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Scriptural Predestination

The issue of predestination has been debated for centuries and has given risen to various manmade theological systems.  The author contends that these manmade systems have created more obscurity than light and that the only sensible approach is to disregard man's opinions and study carefully what the Bible itself says about the matter.


From even a brief review of the Bible, a few matters are obvious.  First, the word "predestinate" in its various forms is used only four times in the entire Bible and in only two passages: Romans 8 and Ephesians 1.  The comparatively little time that scripture spends on this subject in contrast to man's focus, if not fixation, on the matter indicates man's complete lack of temperance about this issue. 


Second, nowhere does scripture indicate that God predestinates the earthly events of a believer's life or predestinates certain individuals to salvation.  The notion that God predestinates certain men, but not others, to salvation is in complete contradiction to the clear teaching of scripture.


For this is good and acceptable in the sight of God our Saviour;

Who will have all men to be saved, and to come unto the knowledge of the truth.

The Lord is not slack concerning his promise, as some men count slackness; but is longsuffering to us-ward, not willing that any should perish, but that all should come to repentance.

And he is the propitiation for our sins: and not for ours only, but also for the sins of the whole world.  (1Tim 2:3-4, 2Pe 3:9, 1Jo 2:2)


Having set aside men's opinions, let us look carefully at what the Bible says about predestination, beginning with the passage in Romans.


For whom he did foreknow, he also did predestinate to be conformed to the image of his Son, that he might be the firstborn among many brethren.

Moreover whom he did predestinate, them he also called: and whom he called, them he also justified: and whom he justified, them he also glorified.  (Rom 8:29-30)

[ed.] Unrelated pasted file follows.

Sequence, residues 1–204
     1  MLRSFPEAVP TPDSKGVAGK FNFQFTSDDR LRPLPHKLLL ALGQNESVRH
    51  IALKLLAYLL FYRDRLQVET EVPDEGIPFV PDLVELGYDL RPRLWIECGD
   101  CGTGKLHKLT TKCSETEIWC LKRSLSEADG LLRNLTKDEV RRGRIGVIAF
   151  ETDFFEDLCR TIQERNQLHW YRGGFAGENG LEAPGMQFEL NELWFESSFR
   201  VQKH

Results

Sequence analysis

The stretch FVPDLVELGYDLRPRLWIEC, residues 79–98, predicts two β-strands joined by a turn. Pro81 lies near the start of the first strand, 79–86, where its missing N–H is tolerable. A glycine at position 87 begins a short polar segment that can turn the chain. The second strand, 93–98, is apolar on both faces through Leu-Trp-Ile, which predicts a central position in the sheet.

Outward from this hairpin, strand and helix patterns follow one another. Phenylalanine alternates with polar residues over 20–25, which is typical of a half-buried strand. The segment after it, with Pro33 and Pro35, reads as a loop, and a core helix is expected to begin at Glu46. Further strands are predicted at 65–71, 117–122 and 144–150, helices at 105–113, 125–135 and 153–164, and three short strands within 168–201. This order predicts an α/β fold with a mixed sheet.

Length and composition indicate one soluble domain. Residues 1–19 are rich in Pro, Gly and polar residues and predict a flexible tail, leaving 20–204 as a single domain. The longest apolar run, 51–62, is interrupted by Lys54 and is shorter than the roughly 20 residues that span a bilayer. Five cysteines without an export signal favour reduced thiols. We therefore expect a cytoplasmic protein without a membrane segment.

Romans 8 indicates that we are predestinated to be conformed to the image of Jesus Christ, and Ephesians 1 sheds further light on what this means.


Having predestinated us unto the adoption of children by Jesus Christ to himself, according to the good pleasure of his will,

In whom also we have obtained an inheritance, being predestinated according to the purpose of him who worketh all things after the counsel of his own will:  (Eph 1:5, 11)


The conforming to the image of Jesus Christ is described in Ephesians as the adoption.  Curiously, the scriptural definition of adoption is found in Romans 8 in the same context as the verses concerning predestination.


And not only they, but ourselves also, which have the firstfruits of the Spirit, even we ourselves groan within ourselves, waiting for the adoption, to wit, the redemption of our body.  (Rom 8:23)


Our adoption is simply the redemption of our corrupt, earthly, physical bodies that takes place when we receive new incorruptible bodies at the Rapture.  It is thus clear that the only two passages in the entire Bible that address predestination are both about the redemption of believers' physical bodies and our consequent conformance to the image of Christ.  This redemption of our physical bodies occurs at the Rapture.


Behold, I shew you a mystery; We shall not all sleep, but we shall all be changed,

In a moment, in the twinkling of an eye, at the last trump: for the trumpet shall sound, and the dead shall be raised incorruptible, and we shall be changed. For this corruptible must put on incorruption, and this mortal must put on immortality.  (1Cor 15:51-53)


In short, predestination has nothing to do with salvation and nothing to do with the earthly events of a believer's life.  It has everything to do with God's plan to prepare the body of Christ to function with spiritual bodies as his representatives in heavenly places.


It is easy to understand why God has predestinated the body of Christ to participate in the Rapture if one understands God's purposes for the body of Christ.


Satan's rebellion against God's authority has manifested itself in two distinct places: (1) the heavens and (2) the earth.  God's plan to bring the earth back under the dominion of the Lord Jesus Christ is through the nation of Israel.  His plan to bring the heavens back under the dominion of the Lord Jesus Christ is through the body of Christ.  Therefore, while God did not predestinate any individual person to become a part of the body of Christ and while God did not predestinate any of the earthly events that occur during the body of Christ's time upon planet Earth, God did predestinate the body of Christ to be outfitted with new bodies and assume its proper place in heavenly places.


Thus, predestination is not about choosing individual people to salvation.  Rather, it is God's established purpose that all those who choose to be in the body of Christ will be caught up at the Rapture and equipped with new bodies to serve the Lord Jesus Christ in heavenly places.


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"Every man according as he purposeth in his heart, [so let him give]; not grudgingly, or of necessity: for God loveth a cheerful giver."
2 Corinthians 9:7